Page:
Getting beyond the pain
When you decided to get married, it is not likely that you planned to get divorced — who does? So you may not have chosen to be at this difficult impasse in your life, but you are here, and it is important to know that the support you and your family may need is available. Whether the dissolution of your marriage is either inevitable, already in the process or has already been completed, you may be struggling with how to move forward.
Divorce is a traumatic and painful process, even when it is amicable, and it is important that each family member has the opportunity to recover in a healthy way. Each person in the family has his/her own internal make-up and will be affected differently; therefore, each member of the family has the right to have his/her own feelings in response to what has transpired and each one deserves the chance to work through his/her pain in order to get beyond it.
Depending on where you are in the process, you might be faced with many uncertainties such as:
- How do we prepare ourselves?
- How do we tell the children?
- How do I cope with the loss of the marital home and feelings of displacement or conversely?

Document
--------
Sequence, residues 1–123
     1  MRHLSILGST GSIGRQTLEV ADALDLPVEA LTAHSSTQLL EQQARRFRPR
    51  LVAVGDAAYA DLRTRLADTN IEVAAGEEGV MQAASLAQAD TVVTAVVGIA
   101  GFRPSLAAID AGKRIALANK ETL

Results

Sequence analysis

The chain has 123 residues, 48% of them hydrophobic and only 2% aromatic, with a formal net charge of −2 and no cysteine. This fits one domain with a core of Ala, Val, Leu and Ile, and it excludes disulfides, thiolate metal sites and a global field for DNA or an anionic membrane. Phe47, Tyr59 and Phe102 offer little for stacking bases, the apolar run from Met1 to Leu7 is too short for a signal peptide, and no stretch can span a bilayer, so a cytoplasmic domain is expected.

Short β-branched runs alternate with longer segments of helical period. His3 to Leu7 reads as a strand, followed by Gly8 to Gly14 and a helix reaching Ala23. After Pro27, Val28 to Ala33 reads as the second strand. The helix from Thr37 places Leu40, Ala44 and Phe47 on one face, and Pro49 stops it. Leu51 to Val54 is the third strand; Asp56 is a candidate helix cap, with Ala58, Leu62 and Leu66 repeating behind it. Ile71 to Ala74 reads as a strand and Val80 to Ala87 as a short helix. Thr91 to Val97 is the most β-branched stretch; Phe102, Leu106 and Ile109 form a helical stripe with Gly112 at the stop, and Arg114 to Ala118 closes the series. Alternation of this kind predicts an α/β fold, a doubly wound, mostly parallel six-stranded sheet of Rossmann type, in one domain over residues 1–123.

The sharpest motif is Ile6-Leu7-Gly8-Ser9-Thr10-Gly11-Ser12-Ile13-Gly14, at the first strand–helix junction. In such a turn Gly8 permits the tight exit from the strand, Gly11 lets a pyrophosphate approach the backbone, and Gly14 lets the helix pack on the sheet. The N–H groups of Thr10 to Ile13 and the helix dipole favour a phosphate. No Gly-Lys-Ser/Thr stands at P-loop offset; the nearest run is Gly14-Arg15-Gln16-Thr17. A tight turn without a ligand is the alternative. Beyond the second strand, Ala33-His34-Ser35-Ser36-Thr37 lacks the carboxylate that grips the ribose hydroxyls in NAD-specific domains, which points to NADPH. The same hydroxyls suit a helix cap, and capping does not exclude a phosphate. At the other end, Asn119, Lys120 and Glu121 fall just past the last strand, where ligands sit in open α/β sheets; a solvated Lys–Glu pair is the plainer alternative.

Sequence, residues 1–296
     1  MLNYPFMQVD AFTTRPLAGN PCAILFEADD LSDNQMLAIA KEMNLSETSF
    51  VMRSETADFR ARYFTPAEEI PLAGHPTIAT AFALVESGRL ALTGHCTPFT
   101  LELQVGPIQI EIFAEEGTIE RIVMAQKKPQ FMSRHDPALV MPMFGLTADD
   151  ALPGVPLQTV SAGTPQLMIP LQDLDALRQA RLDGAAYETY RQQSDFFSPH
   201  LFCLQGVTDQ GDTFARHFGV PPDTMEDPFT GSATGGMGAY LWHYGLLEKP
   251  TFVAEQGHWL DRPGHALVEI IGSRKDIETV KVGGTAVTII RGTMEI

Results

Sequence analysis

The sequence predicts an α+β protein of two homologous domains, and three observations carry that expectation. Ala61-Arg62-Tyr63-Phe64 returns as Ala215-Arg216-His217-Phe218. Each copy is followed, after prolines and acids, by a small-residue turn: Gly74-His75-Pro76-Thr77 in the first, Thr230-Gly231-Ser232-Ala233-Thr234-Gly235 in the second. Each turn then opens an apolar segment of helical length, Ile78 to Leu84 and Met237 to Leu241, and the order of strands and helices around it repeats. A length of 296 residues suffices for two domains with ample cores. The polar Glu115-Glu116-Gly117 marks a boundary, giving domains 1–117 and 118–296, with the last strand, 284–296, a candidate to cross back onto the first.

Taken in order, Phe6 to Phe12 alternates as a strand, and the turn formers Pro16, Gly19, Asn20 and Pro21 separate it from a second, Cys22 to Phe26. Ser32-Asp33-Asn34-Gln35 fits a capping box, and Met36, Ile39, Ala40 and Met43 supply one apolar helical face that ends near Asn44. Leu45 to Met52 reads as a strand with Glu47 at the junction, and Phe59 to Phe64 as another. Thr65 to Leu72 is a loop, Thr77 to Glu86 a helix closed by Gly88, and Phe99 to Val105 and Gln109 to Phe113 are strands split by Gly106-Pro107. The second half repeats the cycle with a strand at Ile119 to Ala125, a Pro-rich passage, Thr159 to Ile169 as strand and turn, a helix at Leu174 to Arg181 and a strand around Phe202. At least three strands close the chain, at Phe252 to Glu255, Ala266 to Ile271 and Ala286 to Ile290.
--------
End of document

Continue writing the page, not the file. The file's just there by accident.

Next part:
- How do I stay in the marital home with the absence of my partner/children?
- How do we help our children cope with their sense of loss, hurt, and their fears of change
- How do we help our children communicate their feelings about divorce?
- How does everyone get beyond their hurt and anger in order to continue to work well with each other?
- How do we co-parent when we have so much hurt and anger between us?
The support of a therapist, either during the divorce or after, can make a substantial difference in the emotional well-being of everyone involved, particularly children and adolescents.
Just because your family could not work together, does not mean that you have to continue the battle when you are divorced. After all, chances are likely that you opted to get a divorce because you were exhausted from the fighting and tired of being unhappy, so why not seize the opportunity to create the smoothest transition possible for everyone?
Rest assured that meeting together as a family to reconcile emotions while going through a contentious period will not be easy or comfortable at first.
The therapist will be working with you to establish a safe environment for everyone to express themselves. Once everyone is feeling comfortable, we can begin to work on: developing skills to effectively communicate feelings as well as needs; repairing emotional wounds; how to find forgiveness and acceptance as well as creating healthy and collaborative relationships while living apart.